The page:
Heroin Task Force calls for statewide NARCAN registry

Terrence Murphy

January 15, 2016

ALBANY, NY - Following the announcement by the New York State Department of Health that naloxone will be available over-the-counter at CVS pharmacies throughout New York State, co-chairs of the Senate's Task Force on Heroin and Opioid Addiction, Senators George Amedore, Terrence Murphy, and Robert Ortt are calling on Governor Cuomo to create a statewide registry of naloxone distribution, as well as usage and overdose reversals.

The increased use and availability of naloxone has decreased the number of deaths from heroin and opioid overdose, but the epidemic still remains a big problem for so many communities throughout the State. A statewide database would ensure that accurate numbers on overdoses continue be reported.

"We must take every step necessary to eradicate New York of the heroin epidemic. By collecting more accurate data through our proposed Narcan registry we can help ensure the needed resources are being sent to those communities facing the greatest scourge. This will help make enforcement more efficient and ultimately save lives. It is this type of outside the box thinking that is needed for our continued effort to win the war on addiction," Senator Terrence Murphy said.

"Narcan has proven to be a valuable tool by averting overdoses. Increasing Narcan's availability is a positive step that will save lives, but we must accompany this with other critical measures. One area that I believe we must prioritize is tracking Narcan use so that we can get users the help they need. As co-chairs of the heroin task force, we recognize that our approach to tackling the heroin and opioid epidemic must be as comprehensive as the epidemic itself. Measures to increase prevention, treatment, and recovery - coupled with strict prosecution of those bringing these drugs into our communities - will bring our families and communities the relief they need," Senator Ortt said.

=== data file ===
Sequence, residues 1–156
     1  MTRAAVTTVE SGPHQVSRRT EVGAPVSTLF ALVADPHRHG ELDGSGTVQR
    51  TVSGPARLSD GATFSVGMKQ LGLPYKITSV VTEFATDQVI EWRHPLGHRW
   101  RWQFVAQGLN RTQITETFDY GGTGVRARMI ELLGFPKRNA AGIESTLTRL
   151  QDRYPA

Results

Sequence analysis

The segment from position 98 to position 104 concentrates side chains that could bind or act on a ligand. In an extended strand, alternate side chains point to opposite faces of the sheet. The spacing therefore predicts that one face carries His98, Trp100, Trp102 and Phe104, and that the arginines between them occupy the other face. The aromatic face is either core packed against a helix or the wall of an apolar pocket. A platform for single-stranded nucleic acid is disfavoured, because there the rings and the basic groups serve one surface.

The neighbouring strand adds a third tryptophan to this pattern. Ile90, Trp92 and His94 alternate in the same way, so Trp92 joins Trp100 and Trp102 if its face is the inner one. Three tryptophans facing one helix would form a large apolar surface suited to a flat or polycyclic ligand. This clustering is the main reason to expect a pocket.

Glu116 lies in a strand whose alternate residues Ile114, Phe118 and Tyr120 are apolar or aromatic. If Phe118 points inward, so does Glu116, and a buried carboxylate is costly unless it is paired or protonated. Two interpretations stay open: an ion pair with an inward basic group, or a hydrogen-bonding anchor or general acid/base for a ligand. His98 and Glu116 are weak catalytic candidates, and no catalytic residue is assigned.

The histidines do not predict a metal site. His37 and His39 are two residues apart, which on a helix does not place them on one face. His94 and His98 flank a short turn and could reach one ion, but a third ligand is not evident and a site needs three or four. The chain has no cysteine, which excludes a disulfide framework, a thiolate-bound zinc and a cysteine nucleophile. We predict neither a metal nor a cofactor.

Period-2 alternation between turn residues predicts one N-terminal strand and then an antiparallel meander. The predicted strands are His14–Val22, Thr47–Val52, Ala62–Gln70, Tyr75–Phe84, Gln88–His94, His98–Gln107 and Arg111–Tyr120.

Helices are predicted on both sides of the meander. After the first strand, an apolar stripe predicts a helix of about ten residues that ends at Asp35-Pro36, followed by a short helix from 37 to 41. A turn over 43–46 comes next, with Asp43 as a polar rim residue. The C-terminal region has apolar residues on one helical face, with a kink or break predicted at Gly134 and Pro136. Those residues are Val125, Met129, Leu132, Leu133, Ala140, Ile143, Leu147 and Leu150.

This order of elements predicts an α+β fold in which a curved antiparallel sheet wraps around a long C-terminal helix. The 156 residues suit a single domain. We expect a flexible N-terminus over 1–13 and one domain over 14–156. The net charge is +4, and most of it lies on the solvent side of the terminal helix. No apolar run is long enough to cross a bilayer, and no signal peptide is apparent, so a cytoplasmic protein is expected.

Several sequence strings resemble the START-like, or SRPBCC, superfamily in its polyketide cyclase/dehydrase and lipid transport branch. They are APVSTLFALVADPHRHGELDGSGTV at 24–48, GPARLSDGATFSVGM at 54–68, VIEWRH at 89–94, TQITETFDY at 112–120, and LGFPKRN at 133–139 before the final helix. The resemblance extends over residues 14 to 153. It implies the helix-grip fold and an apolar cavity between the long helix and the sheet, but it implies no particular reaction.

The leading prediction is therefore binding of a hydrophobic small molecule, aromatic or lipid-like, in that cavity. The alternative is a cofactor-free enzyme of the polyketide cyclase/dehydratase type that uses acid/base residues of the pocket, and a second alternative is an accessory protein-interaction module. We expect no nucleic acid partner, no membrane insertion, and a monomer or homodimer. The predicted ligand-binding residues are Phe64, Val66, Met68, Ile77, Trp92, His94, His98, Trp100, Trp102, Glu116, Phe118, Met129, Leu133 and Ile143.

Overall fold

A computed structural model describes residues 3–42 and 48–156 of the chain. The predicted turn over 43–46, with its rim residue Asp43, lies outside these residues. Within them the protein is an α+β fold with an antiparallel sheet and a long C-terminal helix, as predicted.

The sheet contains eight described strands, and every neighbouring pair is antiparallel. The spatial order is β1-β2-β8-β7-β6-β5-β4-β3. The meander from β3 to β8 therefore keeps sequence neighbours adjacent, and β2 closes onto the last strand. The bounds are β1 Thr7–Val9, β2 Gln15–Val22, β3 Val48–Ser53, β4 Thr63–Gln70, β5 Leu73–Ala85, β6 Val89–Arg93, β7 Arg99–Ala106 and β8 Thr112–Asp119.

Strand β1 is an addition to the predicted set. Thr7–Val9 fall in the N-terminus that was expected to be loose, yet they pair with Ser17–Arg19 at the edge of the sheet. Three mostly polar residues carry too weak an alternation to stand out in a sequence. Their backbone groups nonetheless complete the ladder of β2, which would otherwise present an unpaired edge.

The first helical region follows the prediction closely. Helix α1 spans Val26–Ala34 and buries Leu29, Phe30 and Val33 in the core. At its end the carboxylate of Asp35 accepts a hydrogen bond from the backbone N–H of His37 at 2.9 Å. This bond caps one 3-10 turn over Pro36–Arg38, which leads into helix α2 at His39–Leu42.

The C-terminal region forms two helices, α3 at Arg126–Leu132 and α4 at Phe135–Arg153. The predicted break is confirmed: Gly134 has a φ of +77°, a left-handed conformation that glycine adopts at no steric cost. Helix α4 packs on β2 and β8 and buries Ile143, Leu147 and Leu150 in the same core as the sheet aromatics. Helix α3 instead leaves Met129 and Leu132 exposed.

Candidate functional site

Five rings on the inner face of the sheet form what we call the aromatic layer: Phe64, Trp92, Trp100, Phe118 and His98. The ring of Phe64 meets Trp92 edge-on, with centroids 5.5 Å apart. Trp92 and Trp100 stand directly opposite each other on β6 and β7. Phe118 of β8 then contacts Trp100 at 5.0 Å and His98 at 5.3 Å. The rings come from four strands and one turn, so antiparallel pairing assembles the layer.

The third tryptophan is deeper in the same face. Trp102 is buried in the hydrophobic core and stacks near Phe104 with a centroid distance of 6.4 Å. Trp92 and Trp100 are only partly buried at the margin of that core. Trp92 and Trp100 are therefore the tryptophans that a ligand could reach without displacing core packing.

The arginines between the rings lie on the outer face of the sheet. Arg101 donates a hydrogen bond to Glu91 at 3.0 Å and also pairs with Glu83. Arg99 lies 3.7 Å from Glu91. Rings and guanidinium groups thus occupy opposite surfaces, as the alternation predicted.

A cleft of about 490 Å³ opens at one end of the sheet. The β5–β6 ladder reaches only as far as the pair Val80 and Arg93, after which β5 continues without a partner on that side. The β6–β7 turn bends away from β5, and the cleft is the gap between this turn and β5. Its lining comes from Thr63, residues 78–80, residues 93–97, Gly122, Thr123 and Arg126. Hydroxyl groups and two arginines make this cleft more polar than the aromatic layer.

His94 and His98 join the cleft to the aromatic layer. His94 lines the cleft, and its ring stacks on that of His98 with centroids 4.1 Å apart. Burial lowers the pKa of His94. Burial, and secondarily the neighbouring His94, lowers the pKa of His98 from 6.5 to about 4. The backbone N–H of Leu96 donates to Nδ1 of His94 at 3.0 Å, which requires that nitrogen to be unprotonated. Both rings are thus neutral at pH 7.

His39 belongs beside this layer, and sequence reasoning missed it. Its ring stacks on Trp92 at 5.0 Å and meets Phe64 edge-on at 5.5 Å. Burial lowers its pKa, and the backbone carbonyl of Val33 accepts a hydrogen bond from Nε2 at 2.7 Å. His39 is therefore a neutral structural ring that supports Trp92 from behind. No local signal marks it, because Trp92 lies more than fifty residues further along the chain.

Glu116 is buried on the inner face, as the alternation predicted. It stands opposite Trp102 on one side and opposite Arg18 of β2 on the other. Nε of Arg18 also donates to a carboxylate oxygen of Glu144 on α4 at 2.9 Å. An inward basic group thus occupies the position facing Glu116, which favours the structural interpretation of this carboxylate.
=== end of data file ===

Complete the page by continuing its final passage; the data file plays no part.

"There is no doubt that narcan is saving lives in communities all across New York State. It's important that it be readily available for those who need it, but we need to recognize that it is a band-aid and not a true fix for the epidemic that is facing our communities," said Senator Amedore, Chairman of the Senate Standing Committee on Alcoholism and Substance Abuse. "It's important to understand that while the statistics may show overdose deaths on the decline with this new policy, we need to have accurate information on how many overdose deaths have been prevented through the use of naloxone so we can get people the treatment they need, or direct resources into the communities that need it most. A statewide registry that includes the number of reversals and where they occurred will continue to provide us with important information as we continue our efforts help those who are struggling with addiction."

Under the proposal, the number of narcan kits sold over-the-counter, distributed through non-profits, or provided to emergency responders would be inventoried upon dispersal. When a kit is used, EMT's, law enforcement officials, and medical personnel would be required to report it.

The purpose of the registry would strictly be for data collection purposes to keep track of the number of kits dispersed, and the number of kits used. Patients' identities would not be reported.